by A. B. LONGSTREET
introduction by RICHARD HARWELL
Early American folk humor, from drunken brawls to greasy gander-pulling.
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- xx + 252 pages
- 12 illustrations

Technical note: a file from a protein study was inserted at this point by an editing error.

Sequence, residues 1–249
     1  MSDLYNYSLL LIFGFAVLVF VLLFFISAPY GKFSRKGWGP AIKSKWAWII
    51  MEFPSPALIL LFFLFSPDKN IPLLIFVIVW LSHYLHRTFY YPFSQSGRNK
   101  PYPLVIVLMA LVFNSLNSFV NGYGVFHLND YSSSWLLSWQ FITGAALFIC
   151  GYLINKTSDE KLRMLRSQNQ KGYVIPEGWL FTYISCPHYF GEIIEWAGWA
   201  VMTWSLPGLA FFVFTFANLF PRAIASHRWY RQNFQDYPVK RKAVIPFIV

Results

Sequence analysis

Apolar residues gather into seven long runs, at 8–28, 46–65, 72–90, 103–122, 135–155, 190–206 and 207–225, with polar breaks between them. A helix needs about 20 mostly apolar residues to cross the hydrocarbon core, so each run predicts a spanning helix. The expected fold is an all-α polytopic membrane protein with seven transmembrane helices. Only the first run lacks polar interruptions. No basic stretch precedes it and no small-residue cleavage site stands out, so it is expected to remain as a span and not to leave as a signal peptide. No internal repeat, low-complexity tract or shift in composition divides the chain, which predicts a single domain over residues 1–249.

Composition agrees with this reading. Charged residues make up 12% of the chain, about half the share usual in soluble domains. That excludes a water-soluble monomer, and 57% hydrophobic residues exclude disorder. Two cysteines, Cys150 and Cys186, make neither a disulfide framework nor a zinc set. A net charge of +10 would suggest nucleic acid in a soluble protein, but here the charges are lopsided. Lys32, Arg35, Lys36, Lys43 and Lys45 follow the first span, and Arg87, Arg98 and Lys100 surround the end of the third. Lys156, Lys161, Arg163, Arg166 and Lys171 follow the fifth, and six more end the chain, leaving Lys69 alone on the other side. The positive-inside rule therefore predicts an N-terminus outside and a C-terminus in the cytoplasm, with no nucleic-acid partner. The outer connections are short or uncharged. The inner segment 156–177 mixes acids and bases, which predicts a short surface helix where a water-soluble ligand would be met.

What made people laugh in 1835? Georgia Scenes is a pioneering experiment of American folk humor, a document of Southern social history and an evocative portrait of frontier Georgia life. The author, taking the self-conscious risk of writing for posterity, preserved vivid scenes of drunken fights in forest clearings, frolics in isolated log cabins, clumsy shooting competitions between braggart settlers, a fox hunt on an uncooperative steed, the grim sport of a greasy gander-pulling. This is the only modern edition of Georgia Scenes to be based on the book as it was first published in 1835 at Augusta, Georgia, with the special spice of the original eccentric spelling and punctuation. The book is decorated with twelve illustrations from the New York edition of 1840.
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